Apple remains in the process of renovating dozens of those stores with a fresher aesthetic. Many of the locations have expanded by adding a floor or taking over adjacent storefronts, while some stores have relocated entirely.

Related Roundup: Apple Stores

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Apple Seeds Fifth Beta of macOS High Sierra 10.13.3 to Developers

Apple today seeded the fifth beta of an upcoming macOS High Sierra 10.13.3 update to developers, one week after seeding the fourth beta and more than a month after releasing macOS High Sierra 10.13.2, the second major update to the macOS High Sierra operating system.

The new macOS High Sierra 10.13.3 beta can be downloaded from the Apple Developer Center or through the Software Update mechanism in the Mac App Store with the proper profile installed.



It’s not yet clear what improvements the macOS High Sierra 10.13.3 update will bring, but it’s likely to include bug fixes and performance improvements for issues that weren’t addressed in macOS High Sierra 10.13.2. It offers additional fixes for the Spectre and Meltdown vulnerabilities that were discovered and publicized in early January and fixed initially in macOS High Sierra 10.13.2.

The update also fixes a bug that allows the App Store menu in the System Preferences to be unlocked with any password.

The previous macOS High Sierra 10.13.2 update focused solely on security fixes and performance improvements, with no new features introduced, and a supplemental update introduced a fix for the Spectre vulnerability.

Related Roundup: macOS High Sierra

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Western Digital Debuts New Transportable G-Technology G-SPEED Shuttles

Western Digital today announced the launch of two new products in its G-Technology G-SPEED Shuttle lineup, both of which are designed to be ultraportable RAID storage solutions aimed at meeting the needs of professional content creators who need both super fast transfer speeds and portability.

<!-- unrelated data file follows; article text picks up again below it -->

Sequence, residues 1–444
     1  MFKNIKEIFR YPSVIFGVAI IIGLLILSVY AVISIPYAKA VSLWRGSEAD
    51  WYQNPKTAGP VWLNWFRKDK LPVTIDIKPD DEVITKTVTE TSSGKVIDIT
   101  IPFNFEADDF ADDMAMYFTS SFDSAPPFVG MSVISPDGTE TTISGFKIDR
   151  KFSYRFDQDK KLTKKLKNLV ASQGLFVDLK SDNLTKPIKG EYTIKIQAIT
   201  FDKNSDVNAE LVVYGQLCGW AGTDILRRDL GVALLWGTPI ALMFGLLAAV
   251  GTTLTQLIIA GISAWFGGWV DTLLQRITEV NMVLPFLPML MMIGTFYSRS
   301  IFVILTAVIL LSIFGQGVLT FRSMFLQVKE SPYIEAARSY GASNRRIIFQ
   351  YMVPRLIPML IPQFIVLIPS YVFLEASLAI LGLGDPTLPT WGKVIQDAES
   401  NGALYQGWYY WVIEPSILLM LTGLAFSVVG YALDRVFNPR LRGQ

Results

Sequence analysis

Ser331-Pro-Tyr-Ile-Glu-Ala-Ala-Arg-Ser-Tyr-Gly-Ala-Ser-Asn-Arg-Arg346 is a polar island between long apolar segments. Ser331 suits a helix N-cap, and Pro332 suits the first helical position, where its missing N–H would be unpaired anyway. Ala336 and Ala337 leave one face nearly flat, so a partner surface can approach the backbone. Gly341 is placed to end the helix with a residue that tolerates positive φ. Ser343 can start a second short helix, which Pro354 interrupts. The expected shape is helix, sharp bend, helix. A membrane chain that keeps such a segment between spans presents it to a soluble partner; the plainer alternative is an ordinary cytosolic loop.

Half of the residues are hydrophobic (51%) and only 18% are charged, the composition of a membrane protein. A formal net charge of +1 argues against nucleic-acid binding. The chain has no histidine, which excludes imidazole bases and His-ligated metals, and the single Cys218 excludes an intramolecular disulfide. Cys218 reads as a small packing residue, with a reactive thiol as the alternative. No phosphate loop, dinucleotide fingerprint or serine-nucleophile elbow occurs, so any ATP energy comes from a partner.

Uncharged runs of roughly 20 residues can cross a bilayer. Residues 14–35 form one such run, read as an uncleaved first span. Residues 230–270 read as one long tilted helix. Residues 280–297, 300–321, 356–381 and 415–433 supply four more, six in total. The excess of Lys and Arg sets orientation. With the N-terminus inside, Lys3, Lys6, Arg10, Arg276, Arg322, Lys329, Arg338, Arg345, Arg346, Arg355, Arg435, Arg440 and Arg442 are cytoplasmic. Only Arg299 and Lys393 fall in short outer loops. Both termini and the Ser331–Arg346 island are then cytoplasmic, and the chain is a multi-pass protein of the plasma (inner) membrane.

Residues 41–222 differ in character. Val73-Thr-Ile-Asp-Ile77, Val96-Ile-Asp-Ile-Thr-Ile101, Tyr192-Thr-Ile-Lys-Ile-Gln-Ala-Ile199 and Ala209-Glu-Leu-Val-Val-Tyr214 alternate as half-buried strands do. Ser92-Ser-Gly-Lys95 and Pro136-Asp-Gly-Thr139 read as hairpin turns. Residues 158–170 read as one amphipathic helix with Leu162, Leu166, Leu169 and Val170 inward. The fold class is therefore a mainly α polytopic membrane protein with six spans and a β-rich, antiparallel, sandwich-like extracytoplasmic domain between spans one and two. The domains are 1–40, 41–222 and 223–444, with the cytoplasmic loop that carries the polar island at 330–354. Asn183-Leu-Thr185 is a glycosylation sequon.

The new 4-bay G-Technology G-SPEED Shuttle with Thunderbolt 3 supports transfer speeds of up to 1000MB/s and can transfer an hour of 30 FPS 4K footage in minutes. It offers up to 48TB of storage space with removable 7200RPM enterprise class drives that can be set to RAID 0, 1, 5 and 10 configurations.



The G-Speed Shuttle with ev Series Bay Adapters offers the same Thunderbolt 3 support but adds integrated ev Series bay adapters to enable cross-functionality with ev Series drives and readers. It offers up to 24TB of storage and transfer rates of up to 500MB/s.

“The value of captured video content is immeasurable as it can’t be easily reshot or recovered if lost. One of the biggest pain points facing film makers is not having the ability to move the massive amounts of footage quickly and reliably to the next stage of the workflow – both physically and virtually. If you’re looking for a fast, high-capacity solution that’s also easily transportable, your options are limited. With the power of Thunderbolt 3, the flexibility to integrate with our ev Series, and a design optimized for mobility, the G-SPEED Shuttle is the perfect solution for any on-the-go project team,” said Scott Vouri, vice president strategy and business development, G-Technology, Western Digital.

The G-Technology G-SPEED Shuttle with Thunderbolt 3 is available in the United States starting today. It’s priced at $1,799.95 for 16TB of storage, $2,299.95 for 24TB of storage, $2,799.95 for 32TB of storage, and $3,799.95 for 48TB of storage.